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Firefighters, SWAT teams and rescue crews speeding to a nighttime blaze, a hostage standoff or a snowmobile accident can pull up views of every high-rise, warehouse and backwoods trail. And without leaving the office, property appraisers all across Massachusetts - the only entire state mapped so far - can now pick out every swimming pool and rooftop deck that was built without a permit.
Nashua, N.H., bought the system in 2004 with a $54,000 grant from the federal Department of Homeland Security and is solving many more property tax disputes without resorting to field trips.
"We get people come in and say 'I don't have that shed anymore, I took it down three years ago' or 'I filled in my below-ground pool,'" said Angelo Marino, the city's geographic information systems coordinator. "We look at the image, we can verify that" - or contradict it.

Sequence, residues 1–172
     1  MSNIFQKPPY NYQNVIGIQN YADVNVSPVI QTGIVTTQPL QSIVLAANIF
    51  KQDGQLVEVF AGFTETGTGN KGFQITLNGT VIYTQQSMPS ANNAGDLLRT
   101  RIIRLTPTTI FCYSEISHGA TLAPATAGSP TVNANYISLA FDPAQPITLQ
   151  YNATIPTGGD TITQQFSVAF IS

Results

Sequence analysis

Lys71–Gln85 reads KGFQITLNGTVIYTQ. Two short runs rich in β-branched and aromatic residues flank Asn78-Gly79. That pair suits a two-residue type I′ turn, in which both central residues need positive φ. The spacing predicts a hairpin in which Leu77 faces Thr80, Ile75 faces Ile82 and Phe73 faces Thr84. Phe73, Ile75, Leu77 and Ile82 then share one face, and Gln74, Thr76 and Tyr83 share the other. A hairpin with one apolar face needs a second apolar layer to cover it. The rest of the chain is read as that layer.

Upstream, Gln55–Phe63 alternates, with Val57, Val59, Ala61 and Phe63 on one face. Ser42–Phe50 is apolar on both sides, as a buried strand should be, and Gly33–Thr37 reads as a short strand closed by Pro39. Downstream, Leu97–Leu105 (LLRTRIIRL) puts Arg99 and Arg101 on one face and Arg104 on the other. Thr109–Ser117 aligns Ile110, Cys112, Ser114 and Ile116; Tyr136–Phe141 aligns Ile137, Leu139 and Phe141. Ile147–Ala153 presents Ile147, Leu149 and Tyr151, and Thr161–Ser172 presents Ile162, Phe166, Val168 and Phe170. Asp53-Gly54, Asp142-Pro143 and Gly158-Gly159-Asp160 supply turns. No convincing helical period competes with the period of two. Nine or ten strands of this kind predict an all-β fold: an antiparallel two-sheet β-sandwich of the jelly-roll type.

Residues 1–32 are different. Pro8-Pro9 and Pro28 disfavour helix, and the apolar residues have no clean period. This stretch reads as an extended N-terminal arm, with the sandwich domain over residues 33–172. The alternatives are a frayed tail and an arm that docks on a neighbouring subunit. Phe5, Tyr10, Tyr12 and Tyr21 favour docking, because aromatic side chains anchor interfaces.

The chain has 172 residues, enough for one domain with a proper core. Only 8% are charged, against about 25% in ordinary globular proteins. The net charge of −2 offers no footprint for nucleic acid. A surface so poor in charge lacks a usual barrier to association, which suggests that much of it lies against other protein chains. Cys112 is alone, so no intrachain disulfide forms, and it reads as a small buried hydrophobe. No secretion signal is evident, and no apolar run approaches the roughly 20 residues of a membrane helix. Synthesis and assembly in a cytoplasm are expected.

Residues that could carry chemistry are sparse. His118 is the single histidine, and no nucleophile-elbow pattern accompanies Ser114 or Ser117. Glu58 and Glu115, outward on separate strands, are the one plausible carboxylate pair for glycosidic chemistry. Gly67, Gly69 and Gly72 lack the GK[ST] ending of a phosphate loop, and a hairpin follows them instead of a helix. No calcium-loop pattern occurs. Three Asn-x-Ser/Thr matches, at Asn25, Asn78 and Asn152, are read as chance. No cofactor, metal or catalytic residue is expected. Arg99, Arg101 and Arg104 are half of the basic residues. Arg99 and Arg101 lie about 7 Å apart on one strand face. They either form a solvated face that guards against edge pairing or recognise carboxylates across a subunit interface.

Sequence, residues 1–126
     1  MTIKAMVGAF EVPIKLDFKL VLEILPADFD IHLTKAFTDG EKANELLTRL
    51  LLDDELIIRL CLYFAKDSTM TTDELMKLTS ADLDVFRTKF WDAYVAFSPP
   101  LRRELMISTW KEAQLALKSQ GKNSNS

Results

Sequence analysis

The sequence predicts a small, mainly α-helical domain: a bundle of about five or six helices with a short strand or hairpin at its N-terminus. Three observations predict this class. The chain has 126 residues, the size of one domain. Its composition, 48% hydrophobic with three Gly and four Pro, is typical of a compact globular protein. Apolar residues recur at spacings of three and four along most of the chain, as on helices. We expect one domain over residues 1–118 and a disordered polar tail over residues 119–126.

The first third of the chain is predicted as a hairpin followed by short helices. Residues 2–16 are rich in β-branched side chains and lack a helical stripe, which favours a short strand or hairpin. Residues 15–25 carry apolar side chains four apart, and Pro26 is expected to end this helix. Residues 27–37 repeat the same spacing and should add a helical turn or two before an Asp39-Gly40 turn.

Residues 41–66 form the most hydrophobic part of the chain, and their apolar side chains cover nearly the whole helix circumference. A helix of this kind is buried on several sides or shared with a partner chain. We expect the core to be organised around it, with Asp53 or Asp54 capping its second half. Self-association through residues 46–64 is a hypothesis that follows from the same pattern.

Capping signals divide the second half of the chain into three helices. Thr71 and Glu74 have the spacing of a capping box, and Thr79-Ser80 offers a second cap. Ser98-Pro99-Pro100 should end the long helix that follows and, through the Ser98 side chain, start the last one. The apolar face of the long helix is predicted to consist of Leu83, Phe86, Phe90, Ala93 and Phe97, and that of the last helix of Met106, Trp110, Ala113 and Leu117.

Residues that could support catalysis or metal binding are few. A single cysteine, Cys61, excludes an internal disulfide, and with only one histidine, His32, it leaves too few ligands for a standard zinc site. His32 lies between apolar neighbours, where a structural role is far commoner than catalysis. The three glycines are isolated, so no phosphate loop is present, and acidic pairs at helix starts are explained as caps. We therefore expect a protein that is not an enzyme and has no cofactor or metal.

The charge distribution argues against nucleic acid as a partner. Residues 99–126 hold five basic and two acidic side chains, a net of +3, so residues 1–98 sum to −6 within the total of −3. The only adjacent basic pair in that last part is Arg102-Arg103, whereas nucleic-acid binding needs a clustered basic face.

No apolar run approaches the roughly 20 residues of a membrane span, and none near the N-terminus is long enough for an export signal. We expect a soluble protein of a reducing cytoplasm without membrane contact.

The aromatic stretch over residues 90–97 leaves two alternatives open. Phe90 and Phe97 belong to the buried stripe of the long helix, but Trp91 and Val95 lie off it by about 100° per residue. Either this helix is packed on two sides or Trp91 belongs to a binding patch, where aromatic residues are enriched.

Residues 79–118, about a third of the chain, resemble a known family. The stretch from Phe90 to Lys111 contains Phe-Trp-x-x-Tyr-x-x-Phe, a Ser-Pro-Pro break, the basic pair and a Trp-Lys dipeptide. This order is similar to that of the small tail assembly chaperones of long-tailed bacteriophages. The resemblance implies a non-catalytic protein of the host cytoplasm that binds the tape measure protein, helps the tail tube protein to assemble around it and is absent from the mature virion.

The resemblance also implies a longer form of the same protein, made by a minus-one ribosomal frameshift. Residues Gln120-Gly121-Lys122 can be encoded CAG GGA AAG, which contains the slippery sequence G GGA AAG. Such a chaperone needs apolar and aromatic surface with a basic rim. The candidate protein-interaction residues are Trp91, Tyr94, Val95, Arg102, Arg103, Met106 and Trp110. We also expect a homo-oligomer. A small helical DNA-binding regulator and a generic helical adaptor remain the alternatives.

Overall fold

"I haven't found any city department that hasn't been able to use the system and make their job a little easier," Marino said. "As with everything else, budgets are very tight and you have to do more with the same amount of people or less."
In booming Lee County in southwest Florida, where tax rolls have soared above $80 billion from $4.5 billion in 1980, far fewer people are challenging their property assessments - petitions have plummeted from an average of 2,000 a year to less than 500, said the county's chief appraiser, Kenneth Wilkinson.